Predicting Neurologic Recovery after Surgery in Patients with Deficits Secondary to MESCC: Systematic Review

Ilya Laufer, Scott L. Zuckerman, Justin E. Bird, Mark Bilsky, Áron Lazáry, Nasir A. Quraishi, Michael G. Fehlings, Daniel Sciubba, John H. Shin, Addisu Mesfin, Arjun Sahgal, Charles G. Fisher

Research output: Contribution to journalArticle

Abstract

STUDY DESIGN.: Systematic literature review and expert survey OBJECTIVE.: Determination of factors associated with neurologic improvement in patients with neurologic deficits secondary to MESCC. Clear understanding of these factors will guide surgical decision making by helping to elucidate which patients are more likely to benefit from surgery and how surgeons can increase the probability of neurologic and functional restoration. SUMMARY OF BACKGROUND DATA.: Surgical spinal cord decompression has been shown to improve neurologic function in patients with symptomatic MESCC. However, prognostication of neurologic improvement after surgery remains challenging, due to sparse data and complexity of these patients. METHODS.: PubMed and Embase databases were searched for relevant publications. PRISMA Statement guided publication selection and data reporting. GRADE guidelines were used for evidence quality evaluation and recommendation formulation. RESULTS.: Low-quality evidence supports the use of the duration and severity of neurologic deficit as predictors of neurological recovery in patients with MESCC. Low-quality evidence supports the use of thoracic level of compression and prior irradiation as adverse predictors of neurological recovery. Nearly all of the AOSpine Knowledge Forum Tumor members who responded to the survey agreed that ambulation with assistance represented a successful surgical result and that duration of ambulation loss and the severity of weakness should be considered when trying to predict whether surgery would result in restoration of ambulation. CONCLUSIONS.: Review of literature and expert opinion support the importance of duration of ambulation loss and the severity of neurologic deficit (muscle strength, bladder function) in prediction of neurologic recovery among patients with symptomatic MESCC. Efforts to reduce the duration of ambulation loss and to prevent progression of neurologic deficits should be made in order to improve the probability of neurologic recovery.Level of Evidence: 2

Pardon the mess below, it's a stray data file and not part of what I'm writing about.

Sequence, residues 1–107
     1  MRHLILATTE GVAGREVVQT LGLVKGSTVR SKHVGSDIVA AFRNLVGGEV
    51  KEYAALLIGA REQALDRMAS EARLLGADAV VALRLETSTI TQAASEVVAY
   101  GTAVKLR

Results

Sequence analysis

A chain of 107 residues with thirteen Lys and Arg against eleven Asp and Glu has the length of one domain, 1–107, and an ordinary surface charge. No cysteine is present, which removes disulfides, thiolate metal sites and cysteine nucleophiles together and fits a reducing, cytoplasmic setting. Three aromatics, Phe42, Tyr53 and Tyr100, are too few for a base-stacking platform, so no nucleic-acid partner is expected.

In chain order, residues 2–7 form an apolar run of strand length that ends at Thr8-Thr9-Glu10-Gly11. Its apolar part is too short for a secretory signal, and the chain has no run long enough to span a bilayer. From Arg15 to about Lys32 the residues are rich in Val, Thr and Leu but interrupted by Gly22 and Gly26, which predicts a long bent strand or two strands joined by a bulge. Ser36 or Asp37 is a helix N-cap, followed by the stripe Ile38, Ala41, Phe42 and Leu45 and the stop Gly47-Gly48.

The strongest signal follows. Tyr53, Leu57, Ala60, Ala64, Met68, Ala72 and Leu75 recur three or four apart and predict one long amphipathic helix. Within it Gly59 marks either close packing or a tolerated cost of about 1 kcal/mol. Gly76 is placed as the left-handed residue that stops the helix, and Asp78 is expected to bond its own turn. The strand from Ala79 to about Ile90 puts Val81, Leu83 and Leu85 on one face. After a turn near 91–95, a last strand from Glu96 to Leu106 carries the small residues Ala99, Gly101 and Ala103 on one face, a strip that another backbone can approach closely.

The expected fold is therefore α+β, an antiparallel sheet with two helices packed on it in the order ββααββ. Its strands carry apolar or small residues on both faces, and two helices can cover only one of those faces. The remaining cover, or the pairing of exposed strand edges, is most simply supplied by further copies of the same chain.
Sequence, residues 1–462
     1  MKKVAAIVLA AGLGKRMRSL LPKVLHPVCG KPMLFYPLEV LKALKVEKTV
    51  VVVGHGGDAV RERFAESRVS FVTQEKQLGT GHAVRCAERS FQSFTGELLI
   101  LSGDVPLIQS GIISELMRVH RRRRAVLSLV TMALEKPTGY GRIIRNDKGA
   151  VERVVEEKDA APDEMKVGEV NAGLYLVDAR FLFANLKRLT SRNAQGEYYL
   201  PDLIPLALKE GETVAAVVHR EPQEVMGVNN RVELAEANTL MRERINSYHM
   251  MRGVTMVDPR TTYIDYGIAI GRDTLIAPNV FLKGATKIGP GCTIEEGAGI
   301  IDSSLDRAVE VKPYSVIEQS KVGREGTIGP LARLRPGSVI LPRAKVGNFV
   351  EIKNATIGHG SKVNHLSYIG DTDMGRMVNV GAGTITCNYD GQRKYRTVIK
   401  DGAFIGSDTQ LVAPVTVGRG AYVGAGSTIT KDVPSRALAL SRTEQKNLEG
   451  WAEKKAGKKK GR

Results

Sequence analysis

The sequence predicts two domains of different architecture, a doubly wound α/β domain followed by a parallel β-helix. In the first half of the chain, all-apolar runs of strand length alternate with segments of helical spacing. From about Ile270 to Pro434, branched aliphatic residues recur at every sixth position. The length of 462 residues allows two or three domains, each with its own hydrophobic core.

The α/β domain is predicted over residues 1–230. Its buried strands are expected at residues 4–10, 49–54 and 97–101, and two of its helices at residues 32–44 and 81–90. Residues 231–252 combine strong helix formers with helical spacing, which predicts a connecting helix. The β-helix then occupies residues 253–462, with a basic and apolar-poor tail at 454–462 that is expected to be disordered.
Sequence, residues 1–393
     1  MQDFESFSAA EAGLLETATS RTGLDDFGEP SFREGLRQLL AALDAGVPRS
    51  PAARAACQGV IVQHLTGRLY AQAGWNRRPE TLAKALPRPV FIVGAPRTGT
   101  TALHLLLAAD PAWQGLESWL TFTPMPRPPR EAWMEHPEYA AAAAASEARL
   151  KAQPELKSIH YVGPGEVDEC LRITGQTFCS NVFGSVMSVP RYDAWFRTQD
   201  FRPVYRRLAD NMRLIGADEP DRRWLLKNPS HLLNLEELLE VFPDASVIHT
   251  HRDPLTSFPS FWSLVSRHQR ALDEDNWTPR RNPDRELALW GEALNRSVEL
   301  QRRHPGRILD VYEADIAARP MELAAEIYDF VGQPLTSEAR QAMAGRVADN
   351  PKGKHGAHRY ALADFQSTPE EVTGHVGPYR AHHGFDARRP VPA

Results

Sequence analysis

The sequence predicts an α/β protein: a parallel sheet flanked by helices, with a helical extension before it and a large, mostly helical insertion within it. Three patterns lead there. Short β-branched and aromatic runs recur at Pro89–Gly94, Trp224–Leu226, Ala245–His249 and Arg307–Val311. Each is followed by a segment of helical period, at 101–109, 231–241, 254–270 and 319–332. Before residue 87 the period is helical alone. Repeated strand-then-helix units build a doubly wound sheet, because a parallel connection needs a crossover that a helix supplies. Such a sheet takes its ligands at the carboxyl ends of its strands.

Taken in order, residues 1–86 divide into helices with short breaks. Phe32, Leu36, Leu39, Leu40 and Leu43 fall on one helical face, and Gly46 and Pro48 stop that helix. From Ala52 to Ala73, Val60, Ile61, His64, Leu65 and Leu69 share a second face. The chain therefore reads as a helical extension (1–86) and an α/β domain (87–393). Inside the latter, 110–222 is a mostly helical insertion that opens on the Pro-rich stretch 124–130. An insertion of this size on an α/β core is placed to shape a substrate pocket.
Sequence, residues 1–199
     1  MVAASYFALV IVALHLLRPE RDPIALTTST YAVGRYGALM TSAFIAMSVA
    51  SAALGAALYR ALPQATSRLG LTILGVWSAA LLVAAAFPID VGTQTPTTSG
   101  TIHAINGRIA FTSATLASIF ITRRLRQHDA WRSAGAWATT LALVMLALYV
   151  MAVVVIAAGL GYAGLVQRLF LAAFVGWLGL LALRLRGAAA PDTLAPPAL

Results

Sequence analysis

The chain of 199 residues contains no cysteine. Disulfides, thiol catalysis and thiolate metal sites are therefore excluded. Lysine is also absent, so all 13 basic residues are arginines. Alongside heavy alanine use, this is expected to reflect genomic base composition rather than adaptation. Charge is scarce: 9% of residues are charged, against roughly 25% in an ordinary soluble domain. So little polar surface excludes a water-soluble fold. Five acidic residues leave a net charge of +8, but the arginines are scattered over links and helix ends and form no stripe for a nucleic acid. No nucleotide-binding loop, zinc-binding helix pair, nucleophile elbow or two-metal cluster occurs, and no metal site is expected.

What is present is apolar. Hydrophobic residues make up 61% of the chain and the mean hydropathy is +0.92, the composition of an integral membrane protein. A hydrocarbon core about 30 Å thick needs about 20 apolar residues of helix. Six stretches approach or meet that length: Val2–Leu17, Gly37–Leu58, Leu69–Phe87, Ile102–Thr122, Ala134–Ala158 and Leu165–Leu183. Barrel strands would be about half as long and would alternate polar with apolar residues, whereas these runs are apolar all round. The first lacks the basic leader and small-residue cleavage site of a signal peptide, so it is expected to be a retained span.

Original languageEnglish (US)
JournalSpine
DOIs
StateAccepted/In press - Aug 3 2016

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Nervous System
Walking
Neurologic Manifestations
Publications
Expert Testimony
Muscle Strength
Decompression
PubMed
Spinal Cord
Decision Making
Urinary Bladder
Research Design
Thorax
Databases
Guidelines
Neoplasms
Surveys and Questionnaires

ASJC Scopus subject areas

  • Clinical Neurology
  • Orthopedics and Sports Medicine

Cite this

Laufer, I., Zuckerman, S. L., Bird, J. E., Bilsky, M., Lazáry, Á., Quraishi, N. A., ... Fisher, C. G. (Accepted/In press). Predicting Neurologic Recovery after Surgery in Patients with Deficits Secondary to MESCC: Systematic Review. Spine. https://doi.org/10.1097/BRS.0000000000001827

Predicting Neurologic Recovery after Surgery in Patients with Deficits Secondary to MESCC : Systematic Review. / Laufer, Ilya; Zuckerman, Scott L.; Bird, Justin E.; Bilsky, Mark; Lazáry, Áron; Quraishi, Nasir A.; Fehlings, Michael G.; Sciubba, Daniel; Shin, John H.; Mesfin, Addisu; Sahgal, Arjun; Fisher, Charles G.

In: Spine, 03.08.2016.

Research output: Contribution to journalArticle

Laufer, I, Zuckerman, SL, Bird, JE, Bilsky, M, Lazáry, Á, Quraishi, NA, Fehlings, MG, Sciubba, D, Shin, JH, Mesfin, A, Sahgal, A & Fisher, CG 2016, 'Predicting Neurologic Recovery after Surgery in Patients with Deficits Secondary to MESCC: Systematic Review', Spine. https://doi.org/10.1097/BRS.0000000000001827
Laufer, Ilya ; Zuckerman, Scott L. ; Bird, Justin E. ; Bilsky, Mark ; Lazáry, Áron ; Quraishi, Nasir A. ; Fehlings, Michael G. ; Sciubba, Daniel ; Shin, John H. ; Mesfin, Addisu ; Sahgal, Arjun ; Fisher, Charles G. / Predicting Neurologic Recovery after Surgery in Patients with Deficits Secondary to MESCC : Systematic Review. In: Spine. 2016.
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